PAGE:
Health messages on product labels that may influence consumer knowledge and hence dietary choices fall into three major categories. Agency policies on all three may have important consequences for consumer behavior. First, "health claims" have a different definition and regulatory provisions compared to other types of claim statements on conventional foods and dietary supplements. Health claims are specifically about the relationship between a substance and a disease, and they are reviewed and authorized by the FDA. An example of a health claim related to the disease osteoporosis is: Calcium may reduce the risk of osteoporosis. Second, "structure/function" claims are also allowed on foods, but make no reference to disease. Instead, they highlight how the food substance works within or otherwise supports the body. An example of a structure/function claim would be: Calcium helps build strong bones. These structure/function statements are not pre-reviewed by FDA but must be truthful and substantiated and not misleading. Though the statutory standards for structure/function claims differ from health claims, they too may affect consumer behavior and thus assuring their accuracy is another important element for effective regulation of product claims for consumers. Finally, truthful and non-misleading general "dietary guidance" statements can also be made on food labels without FDA review. These statements, unlike health claims which target a specific substance and a certain disease, focus instead on general dietary patterns, practices, and recommendations that promote health. An example would be the "5-a-Day" program from the National Cancer Institute (NCI), which encourages the consumption of fruits and vegetables for better health. Such general guidance can help encourage better nutrition.

The Consumer Health Information for Better Nutrition Initiative has as its central focus improving the public availability and consumer understanding of up-to-date scientific evidence on how dietary choices can affect health. A better-informed public, supported by effective, science-based regulation of health information, would be expected to make better nutritional choices. Such regulation would also encourage food and dietary supplement producers to compete in ways that better protect the public from disease risks. As part of this Initiative, the FDA Task Force on Consumer Health Information for Better Nutrition (the Task Force) recommends that FDA use interim procedures and an interim evidence-based ranking system for qualified health claims on food labels (including conventional human food and dietary supplements).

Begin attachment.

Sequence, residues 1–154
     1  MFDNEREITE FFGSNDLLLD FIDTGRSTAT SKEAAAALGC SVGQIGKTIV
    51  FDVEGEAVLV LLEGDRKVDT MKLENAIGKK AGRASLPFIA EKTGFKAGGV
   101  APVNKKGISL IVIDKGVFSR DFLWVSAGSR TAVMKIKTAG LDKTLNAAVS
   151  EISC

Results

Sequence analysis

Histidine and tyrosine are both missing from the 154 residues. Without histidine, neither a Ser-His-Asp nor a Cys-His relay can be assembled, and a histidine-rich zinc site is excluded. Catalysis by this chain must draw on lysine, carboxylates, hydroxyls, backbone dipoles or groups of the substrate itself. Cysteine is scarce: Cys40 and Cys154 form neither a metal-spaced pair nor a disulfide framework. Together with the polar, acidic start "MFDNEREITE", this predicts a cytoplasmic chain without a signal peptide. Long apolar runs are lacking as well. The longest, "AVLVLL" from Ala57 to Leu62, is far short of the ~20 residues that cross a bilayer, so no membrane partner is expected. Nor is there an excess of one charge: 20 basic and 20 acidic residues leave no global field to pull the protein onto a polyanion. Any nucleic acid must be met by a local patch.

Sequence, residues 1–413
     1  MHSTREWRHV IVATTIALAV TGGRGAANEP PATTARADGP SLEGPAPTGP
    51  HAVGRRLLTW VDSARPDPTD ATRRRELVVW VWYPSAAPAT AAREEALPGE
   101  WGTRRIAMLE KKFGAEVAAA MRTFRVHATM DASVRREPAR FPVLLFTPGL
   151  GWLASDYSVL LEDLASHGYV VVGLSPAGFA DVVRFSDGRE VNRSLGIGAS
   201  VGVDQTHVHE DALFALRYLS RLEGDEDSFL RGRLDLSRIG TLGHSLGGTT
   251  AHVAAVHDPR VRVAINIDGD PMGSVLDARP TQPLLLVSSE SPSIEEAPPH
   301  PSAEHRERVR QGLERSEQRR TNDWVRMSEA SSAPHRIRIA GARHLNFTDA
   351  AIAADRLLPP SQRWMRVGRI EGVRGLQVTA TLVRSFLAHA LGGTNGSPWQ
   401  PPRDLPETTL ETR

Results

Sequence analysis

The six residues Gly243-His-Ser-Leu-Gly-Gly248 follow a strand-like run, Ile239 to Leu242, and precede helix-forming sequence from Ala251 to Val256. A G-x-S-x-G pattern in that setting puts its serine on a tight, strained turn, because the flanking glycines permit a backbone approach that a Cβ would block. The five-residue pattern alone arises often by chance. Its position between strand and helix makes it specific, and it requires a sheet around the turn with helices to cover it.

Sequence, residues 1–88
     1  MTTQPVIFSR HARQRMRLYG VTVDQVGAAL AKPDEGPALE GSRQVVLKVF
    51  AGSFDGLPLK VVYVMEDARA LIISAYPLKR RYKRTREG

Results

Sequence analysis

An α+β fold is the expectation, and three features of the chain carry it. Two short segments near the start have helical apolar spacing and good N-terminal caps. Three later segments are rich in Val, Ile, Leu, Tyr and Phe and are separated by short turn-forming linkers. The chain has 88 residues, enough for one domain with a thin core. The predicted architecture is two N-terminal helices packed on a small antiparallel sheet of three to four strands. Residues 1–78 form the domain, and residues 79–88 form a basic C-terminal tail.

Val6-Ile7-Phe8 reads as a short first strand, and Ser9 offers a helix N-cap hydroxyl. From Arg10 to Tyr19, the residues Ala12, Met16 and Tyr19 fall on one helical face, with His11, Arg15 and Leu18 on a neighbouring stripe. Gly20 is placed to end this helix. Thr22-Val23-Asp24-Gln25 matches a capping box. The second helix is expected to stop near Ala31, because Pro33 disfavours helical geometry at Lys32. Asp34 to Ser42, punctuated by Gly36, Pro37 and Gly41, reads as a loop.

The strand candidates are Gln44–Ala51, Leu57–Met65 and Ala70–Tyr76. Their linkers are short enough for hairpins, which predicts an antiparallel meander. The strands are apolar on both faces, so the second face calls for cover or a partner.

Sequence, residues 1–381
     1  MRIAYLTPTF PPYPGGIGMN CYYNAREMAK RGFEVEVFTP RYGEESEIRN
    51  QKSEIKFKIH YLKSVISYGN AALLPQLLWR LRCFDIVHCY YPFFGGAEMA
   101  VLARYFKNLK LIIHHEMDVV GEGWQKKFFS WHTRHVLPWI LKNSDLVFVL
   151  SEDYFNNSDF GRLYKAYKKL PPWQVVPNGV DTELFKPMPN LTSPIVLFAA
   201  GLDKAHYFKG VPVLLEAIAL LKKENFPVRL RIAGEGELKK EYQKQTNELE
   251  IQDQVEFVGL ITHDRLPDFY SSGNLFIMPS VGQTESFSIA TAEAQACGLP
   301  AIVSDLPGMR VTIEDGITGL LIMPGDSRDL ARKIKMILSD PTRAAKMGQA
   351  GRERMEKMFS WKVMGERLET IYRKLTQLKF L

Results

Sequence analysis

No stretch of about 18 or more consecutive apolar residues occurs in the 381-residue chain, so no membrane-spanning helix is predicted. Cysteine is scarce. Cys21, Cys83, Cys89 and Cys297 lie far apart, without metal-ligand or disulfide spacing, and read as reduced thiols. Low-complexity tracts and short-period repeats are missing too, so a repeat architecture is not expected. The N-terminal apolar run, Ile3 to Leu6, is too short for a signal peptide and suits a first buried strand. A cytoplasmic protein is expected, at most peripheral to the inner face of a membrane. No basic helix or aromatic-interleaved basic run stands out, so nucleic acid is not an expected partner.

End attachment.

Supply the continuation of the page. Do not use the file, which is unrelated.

Health claims are voluntary statements on food labels that were authorized by the 1990 Nutrition Labeling and Education Act (NLEA). They are intended to assist consumers in understanding the relationship between a substance in a conventional food or dietary supplement and its ability to reduce the risk of contracting the disease in healthy populations. They were put in place by Congress so that food manufacturers could voluntarily, by use of the food label and labeling, let consumers know about important beneficial food components that had the ability to reduce disease risk when integrated into the total daily diet. Health claims are not drug claims, which by law focus on diagnosing, treating, curing, or mitigating disease. Rather, health claims address the reduction of risk as part of a total diet. There is more evidence than ever that dietary choices have major impacts on population health. For example, researchers have indicated that changes in diet could lead to a significant reduction in chronic diseases such as heart disease.

As part of the 1990 NLEA, Congress gave FDA the option of establishing a different standard for health claims for dietary supplements labels as compared with that which Congress had provided for conventional foods. FDA determined that the best course of action was to use the same standard for both dietary supplements and conventional foods. This decision was motivated by public health considerations: All consumers eat conventional foods and most use dietary supplements; inconsistent standards would lead to consumer confusion and biased consumption choices. So, current regulations for health claims apply equally to dietary supplements and conventional foods.

In setting the rules for health claims, Congress provided for FDA to authorize health claims when the agency determined, based on the totality of publicly available scientific evidence (including evidence from well-designed studies conducted in a manner consistent with generally recognized scientific procedures and principles), that there is significant scientific agreement (SSA), among experts qualified by scientific training and experience to evaluate such claims that the claim is supported by such evidence. Under existing regulations, health claims are put in place through a petition process by which FDA reviews the science in support of and against the claim, and determines whether to authorize the claim through notice-and-comment rulemaking.